Investor has no coherent plan, company says
Keeping the hostilities at a boil, Lionsgate has rejected Carl Icahn’s sweetened offer for the minimajor, a week after the activist investor raised his hostile bid by 17%.
With a shareholders meeting coming in two weeks, Lionsgate amped up its criticism of Icahn as a bumbler and a meddler.
“Mr. Icahn’s flip-flops and contradictory statements further demonstrate that Mr. Icahn lacks an understanding of and a coherent plan for the company,” it said in a letter to shareholders announcing its rejection Wednesday morning.
Icahn, who owns about 19% of Lionsgate, boosted his bid to $7 a share from $6 on April 15. The company repeated its characterizations of Icahn’s offer as inadequate, opportunistic and coercive.
“We believe that the Icahn Group’s offer remains financially inadequate and does not reflect the full value of Lionsgate shares,” Lionsgate CEO Jon Feltheimer said. “We believe that the offer pales in comparison to the value inherent in the world class platform we have established over the past 10 years.”
Lionsgate also said Wednesday that the company’s directors and executive officers have all said they don’t plan to tender their shares to Icahn’s offer. It also urged shareholders to enact the company’s poison-pill provision that would dilute the value of Icahn’s shares if he exceeds a 20% stake.
Lionsgate has set a May 4 meeting in Toronto for shareholders to vote on the pill, which it calls a “shareholder rights plan.”
The latest moves by Lionsgate were expected by investors. Shares were up 7¢ to $6.87 in trading on the New York Stock Exchange.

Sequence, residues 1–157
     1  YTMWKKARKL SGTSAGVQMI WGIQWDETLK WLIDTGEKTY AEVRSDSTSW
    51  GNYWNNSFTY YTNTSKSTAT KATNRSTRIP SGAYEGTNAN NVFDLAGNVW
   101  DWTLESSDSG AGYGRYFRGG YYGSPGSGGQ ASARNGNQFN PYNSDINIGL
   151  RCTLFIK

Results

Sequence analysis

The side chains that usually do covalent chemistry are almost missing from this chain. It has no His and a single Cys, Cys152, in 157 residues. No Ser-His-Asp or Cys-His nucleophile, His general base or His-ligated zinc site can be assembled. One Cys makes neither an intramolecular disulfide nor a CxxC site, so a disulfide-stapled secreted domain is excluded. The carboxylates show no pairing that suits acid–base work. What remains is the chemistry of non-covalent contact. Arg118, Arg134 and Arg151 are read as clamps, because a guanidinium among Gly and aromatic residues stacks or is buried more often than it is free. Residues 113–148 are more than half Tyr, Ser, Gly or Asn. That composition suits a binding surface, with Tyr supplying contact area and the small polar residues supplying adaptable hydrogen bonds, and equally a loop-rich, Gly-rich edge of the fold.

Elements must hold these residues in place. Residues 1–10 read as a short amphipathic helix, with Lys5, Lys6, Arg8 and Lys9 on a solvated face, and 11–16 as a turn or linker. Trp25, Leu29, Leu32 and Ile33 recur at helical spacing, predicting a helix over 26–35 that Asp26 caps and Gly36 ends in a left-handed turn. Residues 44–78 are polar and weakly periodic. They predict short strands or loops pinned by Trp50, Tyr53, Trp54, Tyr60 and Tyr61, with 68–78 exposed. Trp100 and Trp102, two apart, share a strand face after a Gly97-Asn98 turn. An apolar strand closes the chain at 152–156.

Frustrated by the stagnant stock price that’s barely half of its 2007 high, Icahn’s argued that Lionsgate’s management and board of directors has “failed” and pledged that he will oust the current management team if he gains control. He’s also said his offer represents a “premium” valuation for the assets.
Lionsgate continued to portray Icahn as an opportunist who doesn’t understand showbiz.
“The Icahn Group has timed its offer to exploit the challenging macro-economic operating environment currently impacting the media industry,” said Lionsgate in a new letter to shareholders. “Film and television library values are also currently being pressured in the short term by the numerous studio assets presently on the market.”
Letter pointed out that Icahn had said in February that he wasn’t looking to take control of Lionsgate before launching a hostile takeover and has made a variety of “conflicting” statements about the TV operations.
Lionsgate is home to the “Saw” and Tyler Perry franchises, as well as TV shows “Mad Men” and “Weeds.” Its superhero spoof “Kick-Ass” led last weekend’s box office and has grossed $21.4 million in its first four days.
“Lionsgate boasts one of its strongest upcoming slates with ‘The Expendables,’ starring Sylvester Stallone; ‘Killers,’ starring Katherine Heigl and Ashton Kutcher; ‘Buried’ and ‘The Next Three Days,’ starring Russell Crowe,” the letter said. “Lionsgate expects to generate an average of $100 million to $125 million of annual free cash flow in fiscal years 2013 through 2015.”